I started the vote to delete Starslip Crisis using a freshly-registered user with no other edits under his belt.

I also used faulty logic to initiate the discussion: I said www.starslip.com has no Alexa data, and isn’t notable as a result. (www.starslip.com is just a redirect: the comic’s URL is www.starslipcrisis.com and has an Alexa rank.)

Then I registered ten more fake users to stuff the original delete vote. This is called “sock puppetry” in Wikipedia terminology, and is frowned upon. The names of the fake users I used in the AfD are: Salby, Incredulous, Banalzebub, Hammerabbi, LKeith30, Repromancer, Expiwikist, Floxman, YothSog, and

It’s so frowned upon that when someone else — a person I don’t know calling himself WizardBrad — tried to use a sock puppet to get his Keep vote to count twice, he was found to be cheating and his vote was struck from the record! Bless your heart, WizardBrad.

Here I was terrified that the Wikipedia editors-that-be would uncover my ruse to falsely delete a webcomic from their pages, and not only did they not find me out, they discounted someone cheating in Starslip’s favor!! How did they catch him and not me? Why did they bother to check up on his IP and not the IP address I used for the ten fake voters?

Oh, I will admit, I was sly. My fake voters engaged in conversation with one another, even one convincing another that the article should be deleted, not just merged under something else. Wikipedia cautions its editors that sock puppets can appear, and that the “straw man sock puppets

are created by users with one point of view, but act as though they have an opposing point of view, in order to make that point of view look bad, or to act as an online agent provocateur.

What I tried to do was take the popular point of view among Wikipedia’s editors — “delete webcomics” — and then prove that it would be accepted even under fallacious/suspicious circumstances. And it looks like I was successful.

Starslip Crisis is gone from Wikipedia for made-up reasons championed by my team of ten grudge-carrying fakes.

As it turns out, it’s not hard to get something deleted from Wikipedia, especially if it’s on some ice-blasted, barren frontier land on the internet like webcomics, where no one really knows what’s important and what isn’t, and no one really cares to make sure.

Yes, it does look to me like the process is broken, why do you ask?

February 16, 2007

Test of the blog upgrade

I'm in the process of upgrading Waffle. If you can see this post, then all is well. If not, then you won't know about it.

Most of the upgrade process so far went smoothly, but there seems to be a problem with rebuilding the old files. Let's see if Movable Type 3.3 can publish this post.

Another test. The script seems to hit the CPU/memory limits, hard. .... trying again. And again. And yet again..... Aaaand again. And yet again, again and again. And again, because we just switched to a different database system.

Right. It works now. Comments are still wonky though. I'll switch them off for now and I'll try to figure out what's wrong with them tomorrow.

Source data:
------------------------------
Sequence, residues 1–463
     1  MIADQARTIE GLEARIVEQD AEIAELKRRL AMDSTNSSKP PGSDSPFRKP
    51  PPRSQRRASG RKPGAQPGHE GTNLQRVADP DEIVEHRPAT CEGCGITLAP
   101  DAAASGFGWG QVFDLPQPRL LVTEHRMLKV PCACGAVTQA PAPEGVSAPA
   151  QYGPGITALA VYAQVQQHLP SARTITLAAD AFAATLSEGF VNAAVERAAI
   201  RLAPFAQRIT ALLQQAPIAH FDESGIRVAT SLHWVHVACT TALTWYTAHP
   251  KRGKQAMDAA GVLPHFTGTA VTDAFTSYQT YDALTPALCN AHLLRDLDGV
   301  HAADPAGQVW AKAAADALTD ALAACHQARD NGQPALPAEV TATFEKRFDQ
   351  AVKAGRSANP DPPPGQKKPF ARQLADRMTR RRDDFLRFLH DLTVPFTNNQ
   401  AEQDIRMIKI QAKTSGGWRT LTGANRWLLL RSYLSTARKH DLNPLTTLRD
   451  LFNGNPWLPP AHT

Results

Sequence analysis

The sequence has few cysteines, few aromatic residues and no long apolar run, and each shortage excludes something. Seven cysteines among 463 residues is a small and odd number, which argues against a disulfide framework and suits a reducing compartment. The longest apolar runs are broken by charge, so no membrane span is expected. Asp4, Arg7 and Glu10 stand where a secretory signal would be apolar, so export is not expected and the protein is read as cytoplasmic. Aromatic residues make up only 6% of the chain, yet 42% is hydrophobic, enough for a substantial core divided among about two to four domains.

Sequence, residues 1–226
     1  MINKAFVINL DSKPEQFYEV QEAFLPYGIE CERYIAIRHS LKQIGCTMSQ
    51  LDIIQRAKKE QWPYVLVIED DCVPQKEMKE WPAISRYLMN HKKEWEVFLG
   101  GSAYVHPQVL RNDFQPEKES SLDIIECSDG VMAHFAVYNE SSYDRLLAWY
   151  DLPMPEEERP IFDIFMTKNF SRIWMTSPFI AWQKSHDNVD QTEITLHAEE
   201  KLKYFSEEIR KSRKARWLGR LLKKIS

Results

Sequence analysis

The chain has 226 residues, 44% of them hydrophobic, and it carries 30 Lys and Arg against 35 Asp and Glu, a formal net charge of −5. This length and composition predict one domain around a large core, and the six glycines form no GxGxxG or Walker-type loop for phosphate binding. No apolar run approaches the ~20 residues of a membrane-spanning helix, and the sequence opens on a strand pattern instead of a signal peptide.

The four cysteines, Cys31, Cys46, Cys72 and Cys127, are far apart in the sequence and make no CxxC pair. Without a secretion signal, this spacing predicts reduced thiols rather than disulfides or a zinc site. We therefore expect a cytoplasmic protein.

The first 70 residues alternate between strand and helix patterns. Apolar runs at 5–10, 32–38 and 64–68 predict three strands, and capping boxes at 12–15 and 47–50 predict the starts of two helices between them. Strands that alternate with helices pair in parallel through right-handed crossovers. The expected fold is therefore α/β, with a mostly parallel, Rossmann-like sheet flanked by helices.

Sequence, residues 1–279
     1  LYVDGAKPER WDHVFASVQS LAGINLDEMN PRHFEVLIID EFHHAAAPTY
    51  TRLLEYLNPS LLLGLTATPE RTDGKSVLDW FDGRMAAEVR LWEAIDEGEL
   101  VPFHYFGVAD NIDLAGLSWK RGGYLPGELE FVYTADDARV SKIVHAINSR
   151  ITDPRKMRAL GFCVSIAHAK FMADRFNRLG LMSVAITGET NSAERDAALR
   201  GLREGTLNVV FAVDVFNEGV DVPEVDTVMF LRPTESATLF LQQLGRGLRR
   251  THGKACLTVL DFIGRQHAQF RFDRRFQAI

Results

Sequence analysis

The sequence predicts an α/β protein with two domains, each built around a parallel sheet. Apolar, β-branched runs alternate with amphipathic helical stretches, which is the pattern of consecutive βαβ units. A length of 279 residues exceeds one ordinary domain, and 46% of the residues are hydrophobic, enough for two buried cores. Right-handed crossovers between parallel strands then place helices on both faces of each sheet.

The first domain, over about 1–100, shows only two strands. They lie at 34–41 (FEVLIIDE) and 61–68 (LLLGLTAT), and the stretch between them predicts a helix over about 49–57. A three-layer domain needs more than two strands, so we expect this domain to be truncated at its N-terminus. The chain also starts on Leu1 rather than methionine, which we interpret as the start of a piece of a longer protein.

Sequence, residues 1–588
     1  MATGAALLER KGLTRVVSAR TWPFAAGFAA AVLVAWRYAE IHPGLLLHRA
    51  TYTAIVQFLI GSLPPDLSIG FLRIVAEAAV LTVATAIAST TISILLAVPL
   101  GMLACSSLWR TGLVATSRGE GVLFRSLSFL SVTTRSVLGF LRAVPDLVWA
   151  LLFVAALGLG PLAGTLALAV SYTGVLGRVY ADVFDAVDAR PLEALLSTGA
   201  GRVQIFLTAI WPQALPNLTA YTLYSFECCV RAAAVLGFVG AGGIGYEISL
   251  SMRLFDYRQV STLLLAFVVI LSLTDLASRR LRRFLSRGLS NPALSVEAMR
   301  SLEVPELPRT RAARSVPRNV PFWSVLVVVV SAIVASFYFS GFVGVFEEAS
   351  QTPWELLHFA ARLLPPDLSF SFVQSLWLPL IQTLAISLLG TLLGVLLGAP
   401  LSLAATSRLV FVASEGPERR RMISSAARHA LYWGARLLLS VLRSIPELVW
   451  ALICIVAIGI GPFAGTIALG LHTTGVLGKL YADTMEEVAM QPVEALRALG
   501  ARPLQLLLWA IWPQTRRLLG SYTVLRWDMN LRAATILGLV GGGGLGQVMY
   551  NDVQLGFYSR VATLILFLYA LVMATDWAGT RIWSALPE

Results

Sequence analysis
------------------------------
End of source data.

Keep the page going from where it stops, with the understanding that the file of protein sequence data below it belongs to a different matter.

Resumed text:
[Adam Cuerden] Baraminology, Part I: Defining Terms, For Fun and Profit

Among the many criticisms in Kitzmiller v. Dover Area School District was that ID was not science, that it offers no testable hypotheses, and is not subject to change as new evidence comes to light. Indeed, during the trial clear evidence of this was shown:

Although in Darwin's Black Box, Professor Behe wrote that not only were there no natural explanations or the immune system at the time, but that natural explanations were impossible regarding its origin. (P-647 at 139; 2:26-27 (Miller)). However, Dr. Miller presented peer-reviewed studies refuting Professor Behe's claim that the immune system was irreducibly complex. Between 1996 and 2002, various studies confirmed each element of the evolutionary hypothesis explaining the origin of the immune system. (2:31 (Miller)). In fact, on cross-examination, Professor Behe was questioned concerning his 1996 claim that science would never find an evolutionary explanation for the immune system. He was presented with fifty-eight peer-reviewed publications, nine books, and several immunology textbook chapters about the evolution of the immune system; however, he simply insisted that this was still not sufficient evidence of evolution, and that it was not "good enough." (23:19 (Behe)).

Clearly, the problem is that they don't sound sciency enough! What can a noble, upstanding group of liars do to try and retrieve their shattered reputation?

Why, what they always do: Make stuff up. Come with me, then, into the wilds of Baraminology, where the elephant in the corner must never, ever be spoken of.

Continue reading "[Adam Cuerden] Baraminology, Part I: Defining Terms, For Fun and Profit" »

February 17, 2007

New Free Richard Thompson song, plus Earth Day Footprint questionnaire

I missed this at Making Light's Sidelights, but managed to catch it at Avedon Carol's Sideshow: Richard Thompson has a new song up on his website, called Dad's Gonna Kill Me. First impression: pretty energetic delivery with his usual strong guitar work. Dunno if it's the best writing he's ever done, yet, but I'll know when I've listened to it more.

Another quick catch: the Earth Day Footprint Quiz tells me that if everyone lived like me, we'd need 2.1 planets. This in spite of me not owning a car and living in a very modest apartment. My footprint is well below the average for a person living in the Netherlands, but, like my cellphone, it's not small enough.


This weekend, we'll see some changes around the ROCR.net website, webcomic and blog. Some of these will be disruptive.